Wheat is used to make not only flour, but also cereals, from which we cook porridges and prepare side dishes. Their main difference is the degree of grinding and processing of the grain.
Manna is the same as wheat flour, only coarser ground. The color and taste of groats may vary slightly depending on the type of wheat – in our country it is most often made from soft wheat, so it is white. You can also find yellow groats in stores called “semolina” and “semola” – this is essentially the same as semolina, only from hard durum wheat. Semolina is slightly coarser ground, but semolina is the absolute Italian twin sister of semolina. It used to be thought that semolina was very useful, but today many nutritionists refute this fact: there is not much use in pure endosperm grits without bran and germ. It’s full of gluten and carbohydrates.
Actually, originally this cereal, characteristic of the Maghreb countries (Tunisia, Morocco, Algeria), was not made from wheat, but from millet. But the abundant and popular wheat displaced its gluten-free rival from eastern cuisines where couscous was traditionally made by women. It was not an easy task: they took coarse flour (like semolina) from hard wheat, sprinkled it with water, made grits bigger, dried and sifted through a special sieve. The too fine grits, passing through the sieve, were soaked again and sprinkled with semolina to the desired caliber. Now, fortunately, this process is fully mechanized. Couscous is used to make a dish with the same name – couscous with meat, fish or vegetables.
On the shelves only a few years ago appeared this mysterious product, each grain of which is a perfect round shape. In fact, it’s not French groats (as you might think from the name), but pasta from Israel. The technology was brought to the Promised Land by Jewish repatriates from the Maghreb countries after the founding of the State of Israel in the late 1940s: ptitim is a close relative of couscous. At first, the Israelis made ptitim in the form of rice grains (apparently due to the shortage of rice), but today you can find ptitim in the form of balls, stars, hearts and other shapes on the market. It is made from two ingredients: flour made from durum wheat and water.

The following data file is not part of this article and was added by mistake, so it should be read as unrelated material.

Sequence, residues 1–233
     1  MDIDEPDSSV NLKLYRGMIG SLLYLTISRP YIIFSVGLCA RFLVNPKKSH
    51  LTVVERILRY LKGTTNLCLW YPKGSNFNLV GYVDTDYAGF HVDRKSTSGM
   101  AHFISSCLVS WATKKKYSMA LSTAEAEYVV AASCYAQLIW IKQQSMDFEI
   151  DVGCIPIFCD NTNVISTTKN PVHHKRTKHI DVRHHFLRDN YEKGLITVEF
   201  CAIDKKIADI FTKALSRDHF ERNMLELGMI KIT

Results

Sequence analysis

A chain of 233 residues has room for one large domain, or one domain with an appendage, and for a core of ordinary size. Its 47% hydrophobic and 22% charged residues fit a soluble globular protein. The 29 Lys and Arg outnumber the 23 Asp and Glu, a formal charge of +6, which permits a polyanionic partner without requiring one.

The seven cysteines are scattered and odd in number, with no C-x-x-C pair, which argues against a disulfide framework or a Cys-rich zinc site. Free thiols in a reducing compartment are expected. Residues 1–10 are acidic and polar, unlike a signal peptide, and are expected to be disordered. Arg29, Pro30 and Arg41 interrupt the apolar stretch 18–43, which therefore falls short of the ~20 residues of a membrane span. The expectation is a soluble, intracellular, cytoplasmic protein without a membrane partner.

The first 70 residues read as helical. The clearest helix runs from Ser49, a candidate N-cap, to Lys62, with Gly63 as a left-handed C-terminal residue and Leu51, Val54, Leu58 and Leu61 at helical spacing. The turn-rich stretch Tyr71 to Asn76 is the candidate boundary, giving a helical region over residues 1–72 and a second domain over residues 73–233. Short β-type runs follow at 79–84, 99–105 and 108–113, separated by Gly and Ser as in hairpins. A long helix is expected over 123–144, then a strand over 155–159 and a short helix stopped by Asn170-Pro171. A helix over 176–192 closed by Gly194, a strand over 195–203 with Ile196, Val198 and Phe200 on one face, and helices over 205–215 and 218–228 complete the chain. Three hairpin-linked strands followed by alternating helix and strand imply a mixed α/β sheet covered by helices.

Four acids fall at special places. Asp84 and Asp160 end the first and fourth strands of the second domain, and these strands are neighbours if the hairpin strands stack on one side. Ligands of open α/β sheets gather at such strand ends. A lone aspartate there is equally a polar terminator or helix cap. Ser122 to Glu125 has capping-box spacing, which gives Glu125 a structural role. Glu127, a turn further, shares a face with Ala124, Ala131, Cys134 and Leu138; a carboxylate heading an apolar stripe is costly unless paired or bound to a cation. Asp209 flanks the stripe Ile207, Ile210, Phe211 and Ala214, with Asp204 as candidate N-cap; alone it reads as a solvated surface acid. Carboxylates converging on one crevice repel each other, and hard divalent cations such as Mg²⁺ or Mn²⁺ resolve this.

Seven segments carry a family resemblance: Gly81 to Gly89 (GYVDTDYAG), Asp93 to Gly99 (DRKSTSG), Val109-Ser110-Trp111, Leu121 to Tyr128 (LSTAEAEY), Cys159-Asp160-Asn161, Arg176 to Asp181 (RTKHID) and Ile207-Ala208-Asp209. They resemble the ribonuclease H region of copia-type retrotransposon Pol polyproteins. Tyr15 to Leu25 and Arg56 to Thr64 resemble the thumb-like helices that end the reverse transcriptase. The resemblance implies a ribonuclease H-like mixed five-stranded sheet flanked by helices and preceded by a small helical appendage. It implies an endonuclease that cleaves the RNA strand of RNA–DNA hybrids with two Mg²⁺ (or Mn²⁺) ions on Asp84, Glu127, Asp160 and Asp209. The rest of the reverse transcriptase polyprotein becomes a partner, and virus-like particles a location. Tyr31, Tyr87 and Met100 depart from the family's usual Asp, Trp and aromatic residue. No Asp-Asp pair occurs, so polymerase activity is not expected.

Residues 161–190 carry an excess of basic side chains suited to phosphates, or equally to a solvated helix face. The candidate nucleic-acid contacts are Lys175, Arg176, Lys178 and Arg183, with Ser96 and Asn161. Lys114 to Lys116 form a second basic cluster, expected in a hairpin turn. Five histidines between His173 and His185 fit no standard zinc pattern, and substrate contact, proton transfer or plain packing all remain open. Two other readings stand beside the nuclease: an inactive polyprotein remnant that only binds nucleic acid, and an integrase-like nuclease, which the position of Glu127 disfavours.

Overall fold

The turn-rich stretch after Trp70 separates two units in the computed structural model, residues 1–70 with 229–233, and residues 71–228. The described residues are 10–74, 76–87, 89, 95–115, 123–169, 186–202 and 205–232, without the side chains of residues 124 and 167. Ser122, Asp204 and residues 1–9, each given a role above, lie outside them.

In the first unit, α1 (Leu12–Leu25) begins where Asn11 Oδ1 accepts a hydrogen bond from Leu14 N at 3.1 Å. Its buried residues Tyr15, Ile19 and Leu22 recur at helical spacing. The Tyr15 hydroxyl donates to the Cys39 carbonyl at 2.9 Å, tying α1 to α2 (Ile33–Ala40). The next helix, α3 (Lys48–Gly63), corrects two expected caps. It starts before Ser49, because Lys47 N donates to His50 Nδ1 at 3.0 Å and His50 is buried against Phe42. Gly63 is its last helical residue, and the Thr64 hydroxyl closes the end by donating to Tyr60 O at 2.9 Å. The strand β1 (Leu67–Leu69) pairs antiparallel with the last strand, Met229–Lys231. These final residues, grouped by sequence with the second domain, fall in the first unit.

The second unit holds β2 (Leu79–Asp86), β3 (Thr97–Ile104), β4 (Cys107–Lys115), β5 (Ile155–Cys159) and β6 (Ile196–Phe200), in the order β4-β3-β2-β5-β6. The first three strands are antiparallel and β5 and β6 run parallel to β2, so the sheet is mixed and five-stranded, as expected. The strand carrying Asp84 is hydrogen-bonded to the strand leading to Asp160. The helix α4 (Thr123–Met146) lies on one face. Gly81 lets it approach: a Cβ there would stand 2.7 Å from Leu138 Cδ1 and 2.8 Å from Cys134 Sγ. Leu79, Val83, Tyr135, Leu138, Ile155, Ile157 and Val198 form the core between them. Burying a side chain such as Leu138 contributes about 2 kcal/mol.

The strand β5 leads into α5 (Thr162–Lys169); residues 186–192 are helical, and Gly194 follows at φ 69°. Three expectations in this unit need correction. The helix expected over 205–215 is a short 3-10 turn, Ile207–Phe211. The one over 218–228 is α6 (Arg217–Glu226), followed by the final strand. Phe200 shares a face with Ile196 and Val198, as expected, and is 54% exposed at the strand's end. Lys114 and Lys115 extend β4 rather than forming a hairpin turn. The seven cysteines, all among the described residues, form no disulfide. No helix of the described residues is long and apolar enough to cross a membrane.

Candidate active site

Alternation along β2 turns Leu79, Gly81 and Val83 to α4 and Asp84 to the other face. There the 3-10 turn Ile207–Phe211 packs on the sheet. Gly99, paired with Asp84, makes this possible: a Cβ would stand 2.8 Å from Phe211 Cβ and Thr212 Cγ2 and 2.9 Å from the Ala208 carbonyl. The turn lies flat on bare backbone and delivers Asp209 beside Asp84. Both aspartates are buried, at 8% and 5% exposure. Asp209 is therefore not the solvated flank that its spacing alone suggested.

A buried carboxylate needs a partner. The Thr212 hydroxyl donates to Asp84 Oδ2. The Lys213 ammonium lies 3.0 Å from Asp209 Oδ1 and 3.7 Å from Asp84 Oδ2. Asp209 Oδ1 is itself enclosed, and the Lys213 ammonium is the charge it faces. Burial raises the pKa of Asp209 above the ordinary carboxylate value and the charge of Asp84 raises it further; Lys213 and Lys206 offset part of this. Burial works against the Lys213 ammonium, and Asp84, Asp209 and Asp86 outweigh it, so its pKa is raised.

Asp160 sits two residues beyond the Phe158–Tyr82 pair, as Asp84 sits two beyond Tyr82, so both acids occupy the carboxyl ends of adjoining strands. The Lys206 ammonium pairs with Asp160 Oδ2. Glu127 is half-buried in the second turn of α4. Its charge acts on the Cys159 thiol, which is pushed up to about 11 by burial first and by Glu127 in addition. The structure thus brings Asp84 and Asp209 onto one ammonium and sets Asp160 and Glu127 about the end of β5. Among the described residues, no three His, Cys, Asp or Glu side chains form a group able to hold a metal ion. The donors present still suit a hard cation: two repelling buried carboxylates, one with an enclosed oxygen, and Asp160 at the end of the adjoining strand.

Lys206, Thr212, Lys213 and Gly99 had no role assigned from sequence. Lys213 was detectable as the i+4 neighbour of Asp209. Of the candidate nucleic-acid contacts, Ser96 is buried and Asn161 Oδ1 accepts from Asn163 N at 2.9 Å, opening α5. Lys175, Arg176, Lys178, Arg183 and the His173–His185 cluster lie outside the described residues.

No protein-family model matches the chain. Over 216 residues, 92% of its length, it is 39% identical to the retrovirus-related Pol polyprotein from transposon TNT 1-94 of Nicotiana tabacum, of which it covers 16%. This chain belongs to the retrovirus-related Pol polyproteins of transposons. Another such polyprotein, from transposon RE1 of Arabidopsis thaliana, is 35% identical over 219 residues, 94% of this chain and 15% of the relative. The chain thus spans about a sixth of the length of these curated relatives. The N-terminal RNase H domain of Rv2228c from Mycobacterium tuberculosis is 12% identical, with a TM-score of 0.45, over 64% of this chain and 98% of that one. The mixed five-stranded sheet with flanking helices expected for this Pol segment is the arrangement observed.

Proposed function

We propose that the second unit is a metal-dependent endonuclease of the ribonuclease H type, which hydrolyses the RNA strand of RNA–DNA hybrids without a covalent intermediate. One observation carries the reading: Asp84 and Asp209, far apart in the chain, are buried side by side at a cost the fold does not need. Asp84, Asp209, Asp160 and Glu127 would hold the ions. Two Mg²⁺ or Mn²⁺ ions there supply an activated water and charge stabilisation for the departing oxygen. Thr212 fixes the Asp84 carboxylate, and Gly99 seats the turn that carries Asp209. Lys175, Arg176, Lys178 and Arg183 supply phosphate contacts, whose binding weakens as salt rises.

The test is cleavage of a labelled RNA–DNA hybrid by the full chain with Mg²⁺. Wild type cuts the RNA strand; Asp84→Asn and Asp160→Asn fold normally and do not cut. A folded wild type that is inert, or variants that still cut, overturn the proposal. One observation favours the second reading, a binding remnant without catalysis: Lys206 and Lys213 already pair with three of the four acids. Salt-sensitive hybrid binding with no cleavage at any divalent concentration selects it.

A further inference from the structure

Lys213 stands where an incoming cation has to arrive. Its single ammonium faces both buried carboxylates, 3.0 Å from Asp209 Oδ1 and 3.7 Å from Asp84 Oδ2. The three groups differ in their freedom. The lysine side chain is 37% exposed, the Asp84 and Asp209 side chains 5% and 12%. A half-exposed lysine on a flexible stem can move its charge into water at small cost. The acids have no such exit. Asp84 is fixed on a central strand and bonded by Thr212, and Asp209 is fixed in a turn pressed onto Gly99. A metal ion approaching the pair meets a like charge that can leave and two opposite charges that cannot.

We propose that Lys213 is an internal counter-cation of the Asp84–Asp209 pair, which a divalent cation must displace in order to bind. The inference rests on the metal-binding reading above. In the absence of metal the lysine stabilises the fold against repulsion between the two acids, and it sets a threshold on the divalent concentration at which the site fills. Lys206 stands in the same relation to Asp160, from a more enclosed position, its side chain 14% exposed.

One of the most ancient groats – allegedly it was loved by Assyrian king Ashurnatsirapal II, who lived in the IX century B.C. Its main difference from the same couscous and salmon lies in the technology of its making – bulgur is made from preliminarily treated with boiled or steamed and then broken up wheat. Until the middle of the last century, the grain was boiled in large vats until soft, then dried for several days, peeled off husks, and ground. First, the grain was preserved much longer and, second, it acquired a unique nutty aroma. Now bulgur is processed with steam and broken up into several fractions which are used in different ways: whole bulgur is used for pilaf, fine bulgur is used for soups and salads, and the finest grind is used for cooking porridge.
The ancient grits bulgur is even mentioned in the Old Testament
At first glance you may think that this grits looks like bulgur, but it is not quite true. In the production of the traditional Middle Eastern freekeh or farik groats, the wheat grains are not boiled but treated with fire: the unprocessed ears are set on fire and waited for the straw and the shell to burn. The grains are saved by their increased moisture – as a result, they acquire an unusual smoky flavor and bread aroma. Fricke is sold either in whole or crushed: as the size of the grind increases so does the price.